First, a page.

OAKLAND CA - SEPTEMBER 02: Head coach Pete Carroll of the Seattle Seahawks looks on against the Oakland Raiders during an NFL preseason game at Oakland-Alameda County Coliseum on September 2 2010 in Oakland California. (Photo by Jed Jacobsohn/Getty Images)
Last Thursday night, I was able to attend the Nike WinForever Workshop at the Virginia Mason Athletic Center (VMAC). Here's what I took away from the experience.
After Pete Carroll was fired from the head coaching position of the New England Patriots, he knew he had to step back and look at his career from every possible angle. That's when Pete found his philosophy. The "Win Forever, Always Compete" mantra was born.
Pete created the college football dynasty of the 2000's at USC. I'll be honest, when he left USC and was hired by the Seahawks, my initial thoughts were filled with skepticism and doubt. Sure, Pete won at USC, but this is the NFL. Plenty of premier college coaches have flopped at the NFL level and I was expecting Pete to be another Nick Saban flop.
I'm not just being a homer here, but the more I've learned about Pete and the more I've had a chance to see the results of his philosophy and effort, the more I've bought into what Pete is selling. Not only have fans bought into what Pete preaches, but his players also seem to have a genuine belief in the philosophy and concepts that Pete is applying to the team.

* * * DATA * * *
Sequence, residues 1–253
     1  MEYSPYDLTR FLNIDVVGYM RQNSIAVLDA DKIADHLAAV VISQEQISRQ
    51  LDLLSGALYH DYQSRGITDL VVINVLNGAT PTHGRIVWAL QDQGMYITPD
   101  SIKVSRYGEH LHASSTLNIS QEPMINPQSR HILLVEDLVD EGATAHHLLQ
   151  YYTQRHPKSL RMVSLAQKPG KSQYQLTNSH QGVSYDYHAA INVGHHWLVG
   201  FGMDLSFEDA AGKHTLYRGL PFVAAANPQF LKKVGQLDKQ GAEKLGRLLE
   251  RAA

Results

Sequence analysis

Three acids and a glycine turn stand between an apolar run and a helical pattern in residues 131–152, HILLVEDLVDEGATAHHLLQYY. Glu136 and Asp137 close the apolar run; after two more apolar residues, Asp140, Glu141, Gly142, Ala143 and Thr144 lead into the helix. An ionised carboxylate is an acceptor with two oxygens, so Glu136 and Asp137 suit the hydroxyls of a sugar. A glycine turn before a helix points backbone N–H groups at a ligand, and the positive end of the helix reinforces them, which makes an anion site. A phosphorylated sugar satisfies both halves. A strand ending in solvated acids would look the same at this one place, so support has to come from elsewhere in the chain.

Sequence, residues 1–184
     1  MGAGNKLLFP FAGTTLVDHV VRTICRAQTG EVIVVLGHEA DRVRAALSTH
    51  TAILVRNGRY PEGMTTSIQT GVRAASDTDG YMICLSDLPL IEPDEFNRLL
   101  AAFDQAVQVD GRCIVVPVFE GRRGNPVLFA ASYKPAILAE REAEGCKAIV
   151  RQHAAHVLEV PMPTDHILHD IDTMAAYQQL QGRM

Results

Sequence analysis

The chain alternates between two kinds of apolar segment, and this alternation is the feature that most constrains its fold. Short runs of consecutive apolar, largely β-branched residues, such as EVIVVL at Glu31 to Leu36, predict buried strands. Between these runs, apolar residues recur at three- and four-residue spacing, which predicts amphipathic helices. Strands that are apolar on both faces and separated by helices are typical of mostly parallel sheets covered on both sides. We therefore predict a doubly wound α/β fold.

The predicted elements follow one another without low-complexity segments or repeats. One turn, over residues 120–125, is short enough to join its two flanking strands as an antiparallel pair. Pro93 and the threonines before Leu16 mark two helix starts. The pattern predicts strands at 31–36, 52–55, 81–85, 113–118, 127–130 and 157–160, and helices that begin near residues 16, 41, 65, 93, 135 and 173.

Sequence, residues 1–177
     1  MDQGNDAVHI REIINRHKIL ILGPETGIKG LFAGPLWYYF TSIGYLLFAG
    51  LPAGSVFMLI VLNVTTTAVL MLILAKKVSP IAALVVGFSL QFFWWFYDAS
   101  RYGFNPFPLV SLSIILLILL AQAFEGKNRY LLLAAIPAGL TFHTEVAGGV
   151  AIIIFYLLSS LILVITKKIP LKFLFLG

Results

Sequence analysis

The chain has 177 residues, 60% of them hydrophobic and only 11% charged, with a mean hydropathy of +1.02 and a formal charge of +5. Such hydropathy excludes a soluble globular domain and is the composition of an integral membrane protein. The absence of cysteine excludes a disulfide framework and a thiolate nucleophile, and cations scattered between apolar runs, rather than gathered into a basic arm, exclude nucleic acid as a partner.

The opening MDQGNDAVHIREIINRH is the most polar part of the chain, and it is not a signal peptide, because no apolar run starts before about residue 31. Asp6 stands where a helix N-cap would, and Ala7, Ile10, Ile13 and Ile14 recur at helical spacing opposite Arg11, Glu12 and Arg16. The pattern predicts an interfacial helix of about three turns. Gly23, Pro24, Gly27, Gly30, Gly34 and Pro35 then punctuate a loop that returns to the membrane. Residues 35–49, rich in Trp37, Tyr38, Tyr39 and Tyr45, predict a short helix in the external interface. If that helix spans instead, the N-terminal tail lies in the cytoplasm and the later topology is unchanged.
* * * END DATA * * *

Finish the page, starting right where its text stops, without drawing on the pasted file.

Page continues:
Competition breeds success. But success can also be attained by the simple things. Confidence, trust, and focus are all parts of the Win Forever philosophy.
Another aspect of the WinForever campaign is the conscience reminder of the influence and impact of your words. During the WinForever seminar on Thursday night, Pete was adamant that the impact of words and the use of those words, can have a monumental impact on the results you hope to achieve and the accomplishments you will achieve. I was fortunate to have a chance to actually interview Pete and I asked him specifically how he deviates his words and the delivery of them in different moments.
"Well, hopefully through the process, the message is really consistent and the message encompasses all of the situations," he replied. "Meaning, that you know we are going to go out and play like we are capable of playing. If we go out and we win and we play like that, then the message is okay - that's exactly what we tried to get done. If we lose and play like we are capable of playing, then the message is we did everything we could, but they were better on this day. We can live with that. The message is really consistent.
"I may shock them that I'm not affected by the situation (a loss) like they would think. I may be, because I stay so tight to the message. That's where philosophy is so powerful. They think "okay, alright, he does believe what he's saying. He does believe what he's all about. He does continue to emphasize the things he emphasizes when it was easy in the meeting room and it's happening here in the locker room at half-time." So there is a staging all the way through the process of thoughts that encompass the situation no matter what they are.